I have bought some cheap disposable pedal bin liners to keep in the car, for convenient disposal of rubbish.

This is progress! I expect the number of empty drink cans, sandwich wrappers etc to be disposed of out of the window of a moving car to increase, with extra costs met by local authorities

Oct 19, 2015 at 10:29 PM | Unregistered Commentergolf charlie

Almost as funny as their rude Christmas advert;

Computer generated apparently, rather like climate models!

Oct 19, 2015 at 11:04 PM | Unregistered CommenterHot under the collar

Sandy S

Re. Marks 'n' Sparks trailers
What they don't point out is the trailers hold less, are far more difficult to load and just because something appears more aerodynamic it ain't necessarily so.

Oct 19, 2015 at 11:25 PM | Unregistered CommenterRoger Tolson

Roger Tolson, appearing Green and efficient, is more important than any possible savings. It is the same as having a hybrid car with badges to let all other drivers know how good you are, but using the engine all the time apart from when your neighbours or work colleagues might hear it.

Battery only cars should be banned from doing less than 55mph on the motorway or dual carriageway, as truckers are forced to overtake, and slow down all other traffic.

Oct 20, 2015 at 12:37 AM | Unregistered Commentergolf charlie

In Australia we have a firm offering green funerals. They advertise that a coffin takes a few minutes to burn an oak tree that took many years to grow. "A green funeral will not cost the earth."
I never did like toadies, simpering wimps who would say anything to gain my friendship which did not come cheaply to sycophants.

Oct 20, 2015 at 1:32 PM | Unregistered CommenterGeoff Sherrington

In Dundee ,once home of the British industry there is a still a jute firm that makes coffin board from jute and incidentally also makes jute shrouds.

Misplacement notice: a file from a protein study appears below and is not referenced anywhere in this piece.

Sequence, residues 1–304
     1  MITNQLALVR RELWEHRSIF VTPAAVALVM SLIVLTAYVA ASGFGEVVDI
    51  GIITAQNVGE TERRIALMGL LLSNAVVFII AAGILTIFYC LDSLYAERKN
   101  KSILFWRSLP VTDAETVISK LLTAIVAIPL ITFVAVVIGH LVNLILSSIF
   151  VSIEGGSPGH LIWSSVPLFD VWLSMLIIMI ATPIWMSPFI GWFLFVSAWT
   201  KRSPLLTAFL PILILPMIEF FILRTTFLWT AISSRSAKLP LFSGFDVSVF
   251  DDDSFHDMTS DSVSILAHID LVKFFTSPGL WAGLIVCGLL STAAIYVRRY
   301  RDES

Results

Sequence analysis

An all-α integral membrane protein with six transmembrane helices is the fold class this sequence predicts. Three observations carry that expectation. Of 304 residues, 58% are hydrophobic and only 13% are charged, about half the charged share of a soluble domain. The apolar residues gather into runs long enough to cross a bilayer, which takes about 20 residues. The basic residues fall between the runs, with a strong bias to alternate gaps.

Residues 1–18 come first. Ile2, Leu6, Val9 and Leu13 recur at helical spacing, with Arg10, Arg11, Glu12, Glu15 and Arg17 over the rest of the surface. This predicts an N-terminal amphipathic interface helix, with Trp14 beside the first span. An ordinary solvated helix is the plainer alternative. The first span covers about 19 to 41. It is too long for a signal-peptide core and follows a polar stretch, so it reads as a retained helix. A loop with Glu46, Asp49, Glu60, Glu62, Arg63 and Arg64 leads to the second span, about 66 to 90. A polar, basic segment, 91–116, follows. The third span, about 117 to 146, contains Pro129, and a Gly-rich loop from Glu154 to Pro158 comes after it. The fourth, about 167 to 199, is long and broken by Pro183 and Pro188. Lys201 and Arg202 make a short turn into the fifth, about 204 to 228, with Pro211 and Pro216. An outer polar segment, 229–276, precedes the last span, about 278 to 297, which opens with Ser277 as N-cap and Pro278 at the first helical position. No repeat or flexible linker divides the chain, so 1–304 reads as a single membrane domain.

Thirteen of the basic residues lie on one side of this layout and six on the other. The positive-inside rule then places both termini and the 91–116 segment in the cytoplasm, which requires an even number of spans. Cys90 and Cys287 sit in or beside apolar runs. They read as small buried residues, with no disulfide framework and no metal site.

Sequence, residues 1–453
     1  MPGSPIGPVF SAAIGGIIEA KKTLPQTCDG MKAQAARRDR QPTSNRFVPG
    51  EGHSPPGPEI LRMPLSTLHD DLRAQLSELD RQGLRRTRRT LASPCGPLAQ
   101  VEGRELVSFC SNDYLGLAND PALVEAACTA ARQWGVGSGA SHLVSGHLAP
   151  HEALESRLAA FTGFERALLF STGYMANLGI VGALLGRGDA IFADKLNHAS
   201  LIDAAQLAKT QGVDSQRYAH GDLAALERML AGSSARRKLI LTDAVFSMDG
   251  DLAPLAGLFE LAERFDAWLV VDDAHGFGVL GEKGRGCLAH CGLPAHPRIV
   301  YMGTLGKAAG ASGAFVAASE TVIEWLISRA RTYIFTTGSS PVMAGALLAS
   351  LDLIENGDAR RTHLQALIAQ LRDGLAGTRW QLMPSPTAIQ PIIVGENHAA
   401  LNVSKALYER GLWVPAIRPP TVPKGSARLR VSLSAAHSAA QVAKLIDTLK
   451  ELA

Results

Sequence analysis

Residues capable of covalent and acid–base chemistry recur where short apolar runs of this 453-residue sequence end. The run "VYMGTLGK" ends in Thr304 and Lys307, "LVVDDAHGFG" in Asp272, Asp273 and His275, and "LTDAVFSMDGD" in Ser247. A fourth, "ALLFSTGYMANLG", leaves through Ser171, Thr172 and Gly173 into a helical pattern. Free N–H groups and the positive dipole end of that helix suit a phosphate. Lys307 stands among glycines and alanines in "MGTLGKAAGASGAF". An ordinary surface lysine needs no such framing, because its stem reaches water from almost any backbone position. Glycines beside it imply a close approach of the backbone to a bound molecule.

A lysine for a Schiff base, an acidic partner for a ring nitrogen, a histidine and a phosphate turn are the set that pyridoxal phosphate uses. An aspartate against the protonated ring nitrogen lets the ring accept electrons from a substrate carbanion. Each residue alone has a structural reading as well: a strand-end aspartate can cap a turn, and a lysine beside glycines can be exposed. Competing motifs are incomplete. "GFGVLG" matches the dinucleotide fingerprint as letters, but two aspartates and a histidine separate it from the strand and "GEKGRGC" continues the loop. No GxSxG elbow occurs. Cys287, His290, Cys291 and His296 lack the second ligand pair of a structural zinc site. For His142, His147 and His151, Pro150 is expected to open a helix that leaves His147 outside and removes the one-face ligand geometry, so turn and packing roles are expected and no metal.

There is also an anecdote that the manager In Calcutta had a brilliant (but temporary) idea for making the jute coffin boards fireproof......

Oct 21, 2015 at 5:18 PM | Unregistered CommenterMessenger

One way in which they could really improve the environment is to turn off the cr"""y pop music they have playing in most of their stores!!! - but then that reflect their current culture.

Oct 21, 2015 at 8:00 PM | Unregistered CommenterCrowcatcher


In another life the Ormeau Bakery was a customer of my employer - and I of them. I remember being introduced to the delights of potato bread and soda bread over my first breakfast in Ulster at the Crawfordsburn Inn, and I was immediately sold.

Oct 21, 2015 at 9:53 PM | Unregistered CommenterIt doesn't add up...

@It doesn't add up...


In another life the Ormeau Bakery was a customer of my employer - and I of them. I remember being introduced to the delights of potato bread and soda bread over my first breakfast in Ulster at the Crawfordsburn Inn, and I was immediately sold.

Crawfordsburn Inn was where my parents had their wedding reception. Had afternoon tea there many times when younger and cycled with friends to Crawfordsburn Country Park with dog & picnic in saddle bag many times - happy memories. Also sad memories - family had "wake" meal following post funeral wake in a High St. Bangor restaurant for my (late) father.

Ulster Fry - delicious for breakfast, lunch, dinner and post-pub-nosh.

On Topic: Crawfordsburn Inn often used bio-mass with no subsidies for heating and hot-water as did many other Ulster homes and businesses. It was called logs (cut up trees). Timber yards (eg the one in Central Ave, Bangor) gave away and/or sold waste bio-mass which was used to help light fires, they were called sticks and sawdust. Peat was also used - lovely smell.

Oct 22, 2015 at 12:24 AM | Unregistered CommenterPcar


Our local hospital has c===y music playing in the medical practices' waiting area. Even more annoying when you sit opposite a notice saying "please keep the noise down and respect other people waiting" or something like that. Three complaints put in by me so far, to no effect.....

Oct 22, 2015 at 3:10 PM | Unregistered CommenterMessenger